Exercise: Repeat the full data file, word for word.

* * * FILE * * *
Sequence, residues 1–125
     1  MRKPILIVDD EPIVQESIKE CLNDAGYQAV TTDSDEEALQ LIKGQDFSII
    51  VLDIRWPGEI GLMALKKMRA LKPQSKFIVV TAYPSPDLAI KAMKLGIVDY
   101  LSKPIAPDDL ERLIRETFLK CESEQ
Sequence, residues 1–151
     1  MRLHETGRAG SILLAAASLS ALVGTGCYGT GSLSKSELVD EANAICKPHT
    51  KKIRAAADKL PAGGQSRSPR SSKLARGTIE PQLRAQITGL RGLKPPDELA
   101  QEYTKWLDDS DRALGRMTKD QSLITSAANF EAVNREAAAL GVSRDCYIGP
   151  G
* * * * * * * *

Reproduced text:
Sequence, residues 1–125
     1  MRKPILIVDD EPIVQESIKE CLNDAGYQAV TTDSDEEALQ LIKGQDFSII
    51  VLDIRWPGEI GLMALKKMRA LKPQSKFIVV TAYPSPDLAI KAMKLGIVDY
   101  LSKPIAPDDL ERLIRETFLK CESEQ
Sequence, residues 1–151
     1  MRLHETGRAG SILLAAASLS ALVGTGCYGT GSLSKSELVD EANAICKPHT
    51  KKIRAAADKL PAGGQSRSPR SSKLARGTIE PQLRAQITGL RGLKPPDELA
   101  QEYTKWLDDS DRALGRMTKD QSLITSAANF EAVNREAAAL GVSRDCYIGP
   151  G